2014.01.06 sc judgment in godavarman wp 202 of 1995 to appoint ep act sec 3 regulator
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2014.01.06 sc judgment in godavarman wp 202 of 1995 to appoint ep act sec 3 regulator

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    2014.01.06 sc judgment in godavarman wp 202 of 1995 to appoint ep act sec 3 regulator 2014.01.06 sc judgment in godavarman wp 202 of 1995 to appoint ep act sec 3 regulator Document Transcript

    • Reportable IN THE SUPREME COURT OF INDIA CIVIL ORIGINAL JURISDICTION I.A. NOs.1868, 2091, 2225-2227, 2380, 2568 AND 2937 IN WRIT PETITION (CIVIL) No. 202 OF 1995 T.N. Godavarman Thirumulpad Petitioner … Versus Union of India & Ors. … Respondents ORDER In the case of Lafarge Umiam Mining Private Limited v. Union of India & Ors. [(2011) 7 SCC 338], this Court, while refusing to interfere with the decisions of the Ministry of Environment and Forests (MoEF) granting site clearance, EIA clearance read with revised environmental clearance and Stage I forest clearance to the mining project of Lafarge Umiam Mining Private Limited, laid down some guidelines to be followed in future cases in Part-II of its order dated 06.07.2011. These guidelines have been stated in Para 122 of the said order and sub-
    • 2 para (i.1.) of Para 122, this Court called upon the Central Government to appoint a National Regulator under Section 3(3) of the Environment (Protection) Act, 1986 for appraising projects, enforcing environmental conditions for approvals and to impose penalties on polluters. Despite the order dated 06.07.2011 of this Court, the Central Government did not appoint a National Regulator under Section 3(3) of the Environment (Protection) Act, 1986. On 09.09.2013, this Court therefore requested Mr. Mohan Parasaran, learned Solicitor General, to obtain instructions and apprise this Court as to when the direction of this Court will be complied with. 2. When the matter was taken up on 18.11.2013 again, Mr. Mohan Parasaran, learned Solicitor General, relying on the affidavit filed on behalf of the MoEF, submitted that in the case of Lafarge Umiam Mining Private Limited, this Court was really concerned with the National Forest Policy, 1988. He submitted that so far as the National Forest Policy, 1988 is concerned, the same relates to forests and under Section 2 of the Forest (Conservation) Act, 1980 the duty of a Regulator has been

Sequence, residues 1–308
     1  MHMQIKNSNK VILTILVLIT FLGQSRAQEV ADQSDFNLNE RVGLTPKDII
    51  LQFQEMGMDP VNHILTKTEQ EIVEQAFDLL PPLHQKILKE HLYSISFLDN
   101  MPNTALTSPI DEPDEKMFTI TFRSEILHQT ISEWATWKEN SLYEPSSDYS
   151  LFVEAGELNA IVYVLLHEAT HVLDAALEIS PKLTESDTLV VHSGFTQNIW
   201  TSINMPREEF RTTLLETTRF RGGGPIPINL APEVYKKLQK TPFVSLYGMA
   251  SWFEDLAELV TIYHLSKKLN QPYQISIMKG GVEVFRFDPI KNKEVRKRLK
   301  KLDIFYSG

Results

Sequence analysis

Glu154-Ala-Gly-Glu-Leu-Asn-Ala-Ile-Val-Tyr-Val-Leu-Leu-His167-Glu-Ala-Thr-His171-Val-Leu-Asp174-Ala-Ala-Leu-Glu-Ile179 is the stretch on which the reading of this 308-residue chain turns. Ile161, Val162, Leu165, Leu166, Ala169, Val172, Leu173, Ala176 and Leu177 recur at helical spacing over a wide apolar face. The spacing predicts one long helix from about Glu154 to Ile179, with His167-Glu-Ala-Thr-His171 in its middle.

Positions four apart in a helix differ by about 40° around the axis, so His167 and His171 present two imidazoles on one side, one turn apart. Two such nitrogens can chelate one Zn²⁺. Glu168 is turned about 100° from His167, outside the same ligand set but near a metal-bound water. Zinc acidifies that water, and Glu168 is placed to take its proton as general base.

• 3 cast upon the Central Government. He submitted that the responsibility to appraise proposals seeking prior approval of the Central Government under Section 2 of the Forest (Conservation) Act, 1980 lies with the Forest Advisory Committee constituted by the Central Government under Section 3 of the Forest (Conservation) Act, 1980. argued that these statutory duties of the He Central Government under Section 2 of the Forest (Conservation) Act, 1980 cannot be delegated to any other authority. 3. Mr. Parasaran next submitted that sub-section (1) of Section 3 of the Environment (Protection) Act, 1986 similarly confers powers on the Central Government to take all such measures as it deems necessary or expedient for the purpose of protecting and improving the quality of the environment and preventing, controlling and abating environmental pollution and the Central Government in exercise of its powers under sub-section (1) and clause (v)(b) of sub-section (2) of Section 3 Environment (Protection) Act, 1986 had issued the EIA Notification dated 14.09.2006. He explained that the EIA Notification dated 14.09.2006 provides that the prior
    • 4 environmental clearance from the Central Government, or as the case may be, from the State Level Environment Impact Assessment Authority, shall be taken for construction of new projects or activities or the expansion or modernization of existing projects or activities mentioned in the Schedule to this Notification. He submitted that the Central Government through MoEF is, thus, undertaking appraisals of projects in accordance with the Notification dated 14.09.2006. He submitted that compliance of the conditions stipulated in the environmental clearance granted to the projects are being monitored and enforced six Regional Offices of the MoEF are functioning at Bangalore, Bhopal, Bhubaneswar, Chandigarh, Lucknow and Shillong. He submitted that as an appropriate mechanism for appraising projects as well as monitoring and enforcing compliance of environmental conditions that govern Environmental Clearances is already in place, it is not necessary for the Central Government to appoint a National Regulator under subsection (3) of Section 3 of the Environment (Protection) Act, 1986. Mr. Parasaran finally submitted that Part II of
    • 5 the order dated 06.07.2011 of this Court in the case of Lafarge Umiam Mining Private Limited is titled “Guidelines to be followed in future cases” and hence the observations of this Court in Part II were in the nature of suggestions of this Court and the Central Government is considering these suggestions and has not taken a decision to appoint a National Regulator under sub-section (3) of Section 3 of the Environment (Protection) Act, 1986. 4. Mr. Harish N. Salve, learned Amicus Curiae, on the other hand, submitted that it will be clear, on a reading of Para 122 of the order dated 06.07.2011 of this Court in the case of Lafarge Umiam Mining Private Limited, that this Court held that Section 3 of the Envrionment (Proection) Act, 1986 confers a power coupled with duty and it is incumbent on the Central Government, to appoint a Regulator. He submitted that the order of this Court was therefore in the nature of a mandamus to the Central Government to appoint a National Regulator and the plea taken on behalf of the Union of India that the order to appoint a National Regulator was in the nature of a suggestion is misconceived. He argued that the order in